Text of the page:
September 4, 1997
Flushing Meadows, New York
Q. What does Lindsay have to do to beat Hingis?
LYNNE ROLLEY: I think she's got to play very aggressively. I see her best success if
she actually overpowers Hingis.
Q. How is she the morning after? Have you talked to her today?
LYNNE ROLLEY: I have talked to her today. She's very good. She's getting ready for her
doubles match. She's looking forward to it. I know she considers yesterday a major
breakthrough for her mentally and is very happy about it, looking forward to playing a
semifinal match here.
Q. How do you distinguish between you and Robert, what roles the two of you play in her
career as a coach?
LYNNE ROLLEY: Robert is Lindsay's personal coach, has been involved with her for
several years. I have been with the USTA and working with Lindsay since she was very
young. Over a period of about ten years, I've played several different roles with her,
from actually traveling on the road with her as an actual team member, and then just
becoming somewhat of a mentor and remaining part of her support team. Robert and I worked
closely for years, and I think it's a good model relationship that we hope to have with
other players in the future.
Q. I talked to Robert yesterday. He told me he sees himself more as a tactical player
as a motivator. How do you see yourself with Lindsay?
LYNNE ROLLEY: My relationship with Lindsay, again, has stretched over a long period of
time, certainly over a period of time when she was growing up as an adolescent. What we've
always professed through our program is that we're trying to build a support time.
Regardless of what role you fit with each player, we want to be there supporting our
American players. Perhaps, again at different periods of time, I've filled different
roles. The actual coaching part is left up to Robert. He does a fabulous job. What I hope
to do is to be another pair of eyes for him, to support him and her, and her family.
Q. How has her weight and just general physical condition changed over the summer?
LYNNE ROLLEY: Lindsay just made a commitment I think about a year ago that she wasn't
going to let anything hold her back from being as good as she could be. One of the areas
that she needed some work on was her fitness. She made a real commitment to become a more
fit player, and to remain injury free. That's the second part of it. As you remember, a
few years ago, she was plagued with little, nagging injuries. Once a player I think goes
through that, they realize the importance and the value of remaining healthy and really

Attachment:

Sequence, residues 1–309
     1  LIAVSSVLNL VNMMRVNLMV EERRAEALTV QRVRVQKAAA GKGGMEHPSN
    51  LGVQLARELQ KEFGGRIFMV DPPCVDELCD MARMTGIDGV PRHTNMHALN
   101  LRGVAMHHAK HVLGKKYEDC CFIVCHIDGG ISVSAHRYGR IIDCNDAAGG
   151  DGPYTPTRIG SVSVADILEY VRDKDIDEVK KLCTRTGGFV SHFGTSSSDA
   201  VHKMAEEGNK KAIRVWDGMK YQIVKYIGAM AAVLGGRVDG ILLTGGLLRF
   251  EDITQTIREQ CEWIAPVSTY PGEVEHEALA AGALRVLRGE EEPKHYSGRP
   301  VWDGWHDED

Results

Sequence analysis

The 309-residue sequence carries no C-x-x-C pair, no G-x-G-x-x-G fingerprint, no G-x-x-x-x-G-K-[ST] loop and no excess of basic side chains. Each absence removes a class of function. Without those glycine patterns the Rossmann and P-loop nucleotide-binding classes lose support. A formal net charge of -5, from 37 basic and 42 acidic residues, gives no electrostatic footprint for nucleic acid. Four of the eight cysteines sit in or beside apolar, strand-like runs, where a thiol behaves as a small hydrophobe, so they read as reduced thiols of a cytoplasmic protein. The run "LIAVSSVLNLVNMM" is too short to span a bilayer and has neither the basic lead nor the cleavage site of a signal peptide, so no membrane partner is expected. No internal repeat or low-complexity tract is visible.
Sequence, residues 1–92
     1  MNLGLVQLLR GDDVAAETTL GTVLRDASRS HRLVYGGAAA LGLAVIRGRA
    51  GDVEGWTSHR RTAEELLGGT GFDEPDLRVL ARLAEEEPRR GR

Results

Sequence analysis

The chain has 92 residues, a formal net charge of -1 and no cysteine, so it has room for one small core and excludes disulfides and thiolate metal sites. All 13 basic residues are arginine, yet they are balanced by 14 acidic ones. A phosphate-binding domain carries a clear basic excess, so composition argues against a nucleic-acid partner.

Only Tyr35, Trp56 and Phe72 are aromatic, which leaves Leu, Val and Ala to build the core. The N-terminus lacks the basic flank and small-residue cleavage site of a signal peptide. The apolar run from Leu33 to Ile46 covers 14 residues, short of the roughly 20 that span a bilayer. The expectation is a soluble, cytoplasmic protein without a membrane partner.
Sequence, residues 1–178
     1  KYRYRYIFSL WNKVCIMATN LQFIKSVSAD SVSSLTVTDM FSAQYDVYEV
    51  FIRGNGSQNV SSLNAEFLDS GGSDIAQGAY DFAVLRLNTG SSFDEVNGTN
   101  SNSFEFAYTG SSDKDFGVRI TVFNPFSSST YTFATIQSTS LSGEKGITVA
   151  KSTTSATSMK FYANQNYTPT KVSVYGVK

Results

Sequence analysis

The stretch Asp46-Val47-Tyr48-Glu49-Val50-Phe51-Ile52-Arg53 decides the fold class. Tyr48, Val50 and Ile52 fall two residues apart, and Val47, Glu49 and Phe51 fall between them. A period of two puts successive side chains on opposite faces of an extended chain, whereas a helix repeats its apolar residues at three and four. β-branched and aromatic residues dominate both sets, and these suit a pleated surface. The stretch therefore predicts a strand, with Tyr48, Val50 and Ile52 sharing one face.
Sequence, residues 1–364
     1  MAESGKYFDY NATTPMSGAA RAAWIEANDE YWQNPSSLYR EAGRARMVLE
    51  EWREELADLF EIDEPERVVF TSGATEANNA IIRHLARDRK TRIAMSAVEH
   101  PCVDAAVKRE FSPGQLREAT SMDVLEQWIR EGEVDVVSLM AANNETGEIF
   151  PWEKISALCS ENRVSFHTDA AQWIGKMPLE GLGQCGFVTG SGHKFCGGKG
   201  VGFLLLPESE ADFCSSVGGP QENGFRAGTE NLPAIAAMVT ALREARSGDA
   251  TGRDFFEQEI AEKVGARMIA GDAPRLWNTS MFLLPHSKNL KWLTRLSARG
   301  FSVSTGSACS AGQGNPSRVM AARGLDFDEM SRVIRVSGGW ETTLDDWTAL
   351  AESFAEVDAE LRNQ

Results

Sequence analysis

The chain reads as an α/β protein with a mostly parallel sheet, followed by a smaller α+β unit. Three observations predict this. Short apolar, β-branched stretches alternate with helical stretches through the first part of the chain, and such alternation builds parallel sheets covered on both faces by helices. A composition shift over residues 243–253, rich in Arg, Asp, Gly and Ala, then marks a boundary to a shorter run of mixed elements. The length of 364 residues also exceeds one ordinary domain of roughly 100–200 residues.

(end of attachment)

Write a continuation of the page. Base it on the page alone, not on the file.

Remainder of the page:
gaining momentum throughout the year by building those wins.
Q. I don't know what her weight is now. She looks leaner and meaner than she did, say,
a year ago. How much weight has she lost? Has it been distributed differently so she just
LYNNE ROLLEY: You know, a combination of better eating and fitness work has really
trimmed her down. In my opinion, I think she looks terrific. At this point, if she
continues to work on her fitness, she's only going to get stronger and more fit. Again,
the main thing, particularly with the new ranking system and how many tournaments our
players are playing, is to remain injury free.
Q. Do you have any involvement whatsoever with Venus, tried to? I mean, she's another
young American, obviously, surprisingly in the semifinals here.
LYNNE ROLLEY: We've had Venus at some training camps in the past. We keep a very good
relationship with the family. They live in Florida. They always express an interest in
using our center. In fact, Richard and I talked about her coming down and practicing on
the grass next year for Wimbledon. She had an interesting year going to different surfaces
and traveling outside the country. I think it was a great experience for her. I also think
that's one of the reasons she's playing so well here. I think that she's more mature and
she's back home and she's comfortable on hardcourts. I think that she feels very
confident. She's learned a lot. I do speak to her whenever I have the opportunity. I hope
to be there supporting her in her matches.
Q. She's basically not a part of the program?
LYNNE ROLLEY: She has been coached by her own coaches, and we've always been available
to her if she needs us. But they've done a wonderful job on their own. We just want to be
there to help in any way we can.
Q. Does Hingis have any weaknesses?
LYNNE ROLLEY: The first answer to that, my first reaction, is Hingis does not have any
weaknesses. She's the No. 1 player in the world and very difficult to beat for any player.
A player with Lindsay's weapons and her power can just play too well sometimes for Hingis.
Lindsay will have to keep a very high percentage of first serves in and take control of
the point early to stay on top of her. When she's receiving, she has to hope that Hingis
misses a good number of her first serves and gets an opportunity to have a good hit at her
second serve. I think Lindsay needs to stay aggressive, she needs to stay inside the
baseline, and certainly get to the net when she has an opportunity.
Q. If it's as windy as it's been, do you think Hingis might have an advantage, if she's
not as aggressive a player as Lindsay?
LYNNE ROLLEY: You never know about the wind. I certainly felt yesterday in the match
with Novotna that the wind was to Lindsay's advantage. Sometimes the wind is swirling, and
that's a different strategic condition as opposed to when the wind is behind you or
opposing you. If the wind is straight, behind you or against you on the court, you take a
player with Lindsay's power and it's going to be very effective. If the wind is swirling,
you never know who is going to react to it as well.
End of FastScripts